COVID-19: Has the Pandemic Changed Our Attitude About Virtual Health Care?

Health care

The COVID-19 pandemic changed attitudes about virtual health care, but Canadians and Americans do still have some concerns. Photo: John Fedele / Getty Images

To help flatten the COVID-19 curve as we headed into lockdown in March, whomever could work from home did just that — including our family doctors and specialists. Medical visits went virtual and we had little choice but to embrace the change. But is our attitude about virtual health care keeping pace with that change?

survey by the Canadian Medical Association (CMA) would suggest that by mid-May, 47 per cent of Canadians had accessed health care virtually as a result of the pandemic.

A phone call represented the most popular method, with 34 per cent of people using it to seek medical advice as compared to 12 per cent of the time before the pandemic.

Provincial telehealth lines also saw a lift, from 2 to 7 per cent. Twice as many people texted or emailed with a health care provider, although still only a modest 4 per cent. And video conference, a platform people have taken to in record numbers, rose from 2 per cent to 6 per cent of ‘visits.’

And how do people rate the experience of going virtual? According to  91 per cent, they’re very satisfied.

For its part, the CMA wants to see virtual health care expanded. “We need to seize the moment. We need to find if there’s a silver lining on this,” Dr. Sandy Buchman, CMA president and a palliative care physician in Toronto, told CBC News when the survey results were released in June.


The Human Touch


Still, despite the uptick necessitated by COVID-19, given the choice well over half of Canadians surveyed would prefer a return to in-person appointments after the pandemic — at least for the initial visit.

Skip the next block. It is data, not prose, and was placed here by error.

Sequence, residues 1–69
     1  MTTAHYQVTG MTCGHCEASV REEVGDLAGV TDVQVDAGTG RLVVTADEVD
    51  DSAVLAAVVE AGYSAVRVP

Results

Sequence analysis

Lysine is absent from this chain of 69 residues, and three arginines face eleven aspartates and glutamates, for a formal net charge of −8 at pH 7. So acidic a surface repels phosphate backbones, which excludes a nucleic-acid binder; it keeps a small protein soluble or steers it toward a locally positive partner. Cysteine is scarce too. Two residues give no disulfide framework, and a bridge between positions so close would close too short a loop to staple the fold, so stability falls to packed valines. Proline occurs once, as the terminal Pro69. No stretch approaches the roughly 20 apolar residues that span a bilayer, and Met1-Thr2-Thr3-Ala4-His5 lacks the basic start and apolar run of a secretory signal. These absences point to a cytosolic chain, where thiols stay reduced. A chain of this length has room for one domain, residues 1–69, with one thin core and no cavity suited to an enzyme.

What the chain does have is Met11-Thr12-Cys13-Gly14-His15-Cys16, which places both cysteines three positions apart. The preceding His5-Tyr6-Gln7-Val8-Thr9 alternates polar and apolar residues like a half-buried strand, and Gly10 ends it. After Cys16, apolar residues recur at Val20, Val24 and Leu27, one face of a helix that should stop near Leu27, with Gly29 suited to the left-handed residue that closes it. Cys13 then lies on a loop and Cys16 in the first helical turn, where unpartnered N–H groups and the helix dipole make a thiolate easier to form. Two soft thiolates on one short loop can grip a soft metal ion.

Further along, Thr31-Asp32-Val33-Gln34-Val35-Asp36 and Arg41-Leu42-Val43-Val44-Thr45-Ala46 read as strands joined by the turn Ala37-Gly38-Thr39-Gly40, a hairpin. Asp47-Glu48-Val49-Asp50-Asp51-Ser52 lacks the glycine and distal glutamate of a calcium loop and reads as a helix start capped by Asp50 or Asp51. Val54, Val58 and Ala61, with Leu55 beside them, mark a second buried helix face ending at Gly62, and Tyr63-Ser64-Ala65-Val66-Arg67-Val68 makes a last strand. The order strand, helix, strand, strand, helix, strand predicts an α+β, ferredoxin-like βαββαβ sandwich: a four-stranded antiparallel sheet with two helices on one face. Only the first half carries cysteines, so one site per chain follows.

Such preference has also been reported by our neighbours to the south who, like us, have also embraced telehealth through the pandemic.

Results released in August from a poll by the University of Michigan show that one in four Americans over the age of 50 had a virtual medical visit in the first three months of the pandemic — most by video. That’s much higher than the 4 per cent who said they’d never had a virtual visit with a doctor in a poll taken in 2019.

Again, necessity seems to be driving uptake. Almost half of the people polled said that safety concerns around COVID-19 inspired their interest in telehealth. Despite this, in-person care still holds a gold-standard appeal.

There was nearly no movement on the number of people who would consider going virtual for initial visits to a new doctor or for a new health concern, which was 34 per cent in 2019 compared to 36 per cent this year.

And the most common concerns about virtual visits were that a health care provider cannot conduct a physical exam (75 per cent); that the quality of care is not as good as in-person (67 per cent); and not feeling personally connected to the health care provider (45 per cent).


What About Privacy?


While the CMA didn’t report on the issue of privacy, participants in the American poll were asked whether they had privacy concerns about using virtual health care. The result: 24 per cent said yes, a decrease from 49 per cent the year previous.

“This has been an extraordinary time for the telemedicine movement, and these poll results show just how powerful this ‘trial by fire’ has been,” said Jeff Kullgren, M.D., M.P.H., M.S., associate director of the poll and a primary care provider who uses telehealth.

“But our data also highlight areas of continued concern for patients that need to be addressed.”


A Second COVID-19 Wave? Here Are 6 Lessons From the First 

How COVID-19 Could Impact Travel for Years to Come